'EUGENIE GRANDET': MIRRORS AND MELANCHOLIA ('Eugenia Grandet'. Lustra i melancholia)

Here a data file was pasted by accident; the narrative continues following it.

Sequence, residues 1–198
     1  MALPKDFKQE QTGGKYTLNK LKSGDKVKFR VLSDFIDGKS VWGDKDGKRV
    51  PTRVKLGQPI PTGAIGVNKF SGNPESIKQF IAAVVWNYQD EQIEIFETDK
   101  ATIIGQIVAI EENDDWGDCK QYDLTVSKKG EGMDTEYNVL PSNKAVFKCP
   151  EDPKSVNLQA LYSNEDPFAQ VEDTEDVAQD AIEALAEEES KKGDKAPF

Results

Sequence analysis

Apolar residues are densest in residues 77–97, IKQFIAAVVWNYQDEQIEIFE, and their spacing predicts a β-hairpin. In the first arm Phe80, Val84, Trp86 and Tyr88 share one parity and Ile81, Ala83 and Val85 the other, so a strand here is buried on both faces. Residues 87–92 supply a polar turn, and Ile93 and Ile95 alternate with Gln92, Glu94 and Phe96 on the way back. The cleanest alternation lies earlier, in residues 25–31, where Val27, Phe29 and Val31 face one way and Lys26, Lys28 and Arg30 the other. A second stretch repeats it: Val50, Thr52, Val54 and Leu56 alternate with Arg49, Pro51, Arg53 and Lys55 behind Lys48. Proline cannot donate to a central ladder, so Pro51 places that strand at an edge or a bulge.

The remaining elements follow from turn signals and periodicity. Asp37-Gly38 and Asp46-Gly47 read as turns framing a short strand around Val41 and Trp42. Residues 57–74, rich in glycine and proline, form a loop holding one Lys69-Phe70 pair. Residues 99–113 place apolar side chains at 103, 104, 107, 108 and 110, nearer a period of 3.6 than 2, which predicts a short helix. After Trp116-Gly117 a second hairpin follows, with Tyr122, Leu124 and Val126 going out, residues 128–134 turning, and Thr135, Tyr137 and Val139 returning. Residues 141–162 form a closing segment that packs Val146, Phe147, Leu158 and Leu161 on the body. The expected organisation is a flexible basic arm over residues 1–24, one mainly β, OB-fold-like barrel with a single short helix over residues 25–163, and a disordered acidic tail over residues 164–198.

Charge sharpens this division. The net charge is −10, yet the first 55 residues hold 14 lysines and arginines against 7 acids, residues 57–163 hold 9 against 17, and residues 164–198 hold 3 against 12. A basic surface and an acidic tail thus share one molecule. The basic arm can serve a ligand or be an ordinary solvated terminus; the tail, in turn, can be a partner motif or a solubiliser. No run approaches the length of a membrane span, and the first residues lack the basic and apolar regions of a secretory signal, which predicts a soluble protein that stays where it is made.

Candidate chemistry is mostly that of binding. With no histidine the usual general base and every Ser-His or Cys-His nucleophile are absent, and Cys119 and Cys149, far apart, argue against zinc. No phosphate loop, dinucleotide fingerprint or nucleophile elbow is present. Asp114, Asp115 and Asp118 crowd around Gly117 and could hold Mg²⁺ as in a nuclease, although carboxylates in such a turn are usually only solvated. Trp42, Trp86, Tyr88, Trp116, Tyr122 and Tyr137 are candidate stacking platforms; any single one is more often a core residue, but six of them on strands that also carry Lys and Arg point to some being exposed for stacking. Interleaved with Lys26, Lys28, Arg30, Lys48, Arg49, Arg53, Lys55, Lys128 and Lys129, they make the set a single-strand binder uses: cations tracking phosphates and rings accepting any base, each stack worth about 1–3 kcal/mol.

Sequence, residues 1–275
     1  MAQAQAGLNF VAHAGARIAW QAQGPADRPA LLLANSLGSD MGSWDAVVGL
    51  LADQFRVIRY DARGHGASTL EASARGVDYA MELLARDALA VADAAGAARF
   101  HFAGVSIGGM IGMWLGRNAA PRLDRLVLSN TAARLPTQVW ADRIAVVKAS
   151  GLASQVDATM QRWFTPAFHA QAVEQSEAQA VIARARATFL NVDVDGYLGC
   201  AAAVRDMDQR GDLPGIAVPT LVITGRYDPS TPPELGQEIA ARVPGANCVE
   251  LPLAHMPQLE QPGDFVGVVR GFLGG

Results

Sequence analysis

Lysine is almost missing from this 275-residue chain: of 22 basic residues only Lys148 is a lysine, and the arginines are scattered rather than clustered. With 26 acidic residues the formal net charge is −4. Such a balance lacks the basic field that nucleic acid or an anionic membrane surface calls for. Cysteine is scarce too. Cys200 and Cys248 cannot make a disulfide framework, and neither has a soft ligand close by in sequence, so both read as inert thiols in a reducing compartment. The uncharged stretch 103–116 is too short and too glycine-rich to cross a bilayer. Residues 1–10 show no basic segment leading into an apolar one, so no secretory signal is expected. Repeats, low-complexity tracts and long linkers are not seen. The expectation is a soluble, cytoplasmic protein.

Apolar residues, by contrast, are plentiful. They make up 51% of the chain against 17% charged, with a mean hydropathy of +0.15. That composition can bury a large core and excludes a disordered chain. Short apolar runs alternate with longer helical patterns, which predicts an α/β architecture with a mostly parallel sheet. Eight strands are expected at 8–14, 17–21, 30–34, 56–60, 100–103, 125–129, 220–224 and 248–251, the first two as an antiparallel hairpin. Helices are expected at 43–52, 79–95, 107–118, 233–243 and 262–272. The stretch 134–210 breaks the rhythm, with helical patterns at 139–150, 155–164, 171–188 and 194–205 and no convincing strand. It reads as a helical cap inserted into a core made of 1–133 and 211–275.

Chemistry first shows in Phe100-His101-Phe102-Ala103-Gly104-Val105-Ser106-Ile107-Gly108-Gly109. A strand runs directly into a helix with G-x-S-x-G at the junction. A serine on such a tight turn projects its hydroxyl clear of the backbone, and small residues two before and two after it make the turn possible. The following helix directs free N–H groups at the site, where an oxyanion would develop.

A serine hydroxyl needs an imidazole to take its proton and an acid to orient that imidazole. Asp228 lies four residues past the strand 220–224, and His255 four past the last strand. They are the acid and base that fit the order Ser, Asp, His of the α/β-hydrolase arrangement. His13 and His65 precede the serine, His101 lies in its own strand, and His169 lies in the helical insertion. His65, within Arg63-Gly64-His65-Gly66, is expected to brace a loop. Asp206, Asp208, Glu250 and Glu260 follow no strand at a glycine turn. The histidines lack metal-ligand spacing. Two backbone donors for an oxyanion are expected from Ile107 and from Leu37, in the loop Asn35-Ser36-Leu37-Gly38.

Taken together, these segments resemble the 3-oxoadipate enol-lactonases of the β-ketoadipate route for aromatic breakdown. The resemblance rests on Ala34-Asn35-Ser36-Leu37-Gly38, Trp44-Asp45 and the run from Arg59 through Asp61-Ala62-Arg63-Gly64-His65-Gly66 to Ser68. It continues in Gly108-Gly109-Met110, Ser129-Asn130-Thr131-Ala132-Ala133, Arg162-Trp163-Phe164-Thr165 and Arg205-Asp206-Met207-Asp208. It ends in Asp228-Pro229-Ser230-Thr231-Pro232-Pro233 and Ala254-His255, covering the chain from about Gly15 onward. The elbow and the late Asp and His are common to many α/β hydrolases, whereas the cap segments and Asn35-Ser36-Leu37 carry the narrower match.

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Starting point of the article is a statement that French literary criticism that refers to Lacan's considerations sees modern texts, primarily 'Bildungsroman' and autobiographies, as developmental saga. Maturation in such saga is understood in accordance with Lacan's thought as a process of an individual's necessary passage from the Imaginary into the Symbolic, or a necessary abandonment of a mirror stage for the law of the Father. The authoress formulates a thesis that developmental saga follows a different path from that of feminocentric examples of these genres i.e. such in which maturation of an individual is not linked with overcoming of the mirror stage but with regaining respect by it. It proves possible if the Imaginary is regarded not as a stage to be outgrown, but as an ineradicable constituent of human psyche. She proves her thesis when she analyses Balzac's novel 'Eugenie Grandet'. The heroine of this 19th c. romance about nuclear family succeeds in combining the Imaginary with the Symbolic due to her social position: after the death of her parents she decides to marry a suitor of fortune equal to her under the condition that their marriage was not to be consumed. In this sense she is a virgin and at the same time a wife, thus lives in the world of the Father's law but does not surrender to them.
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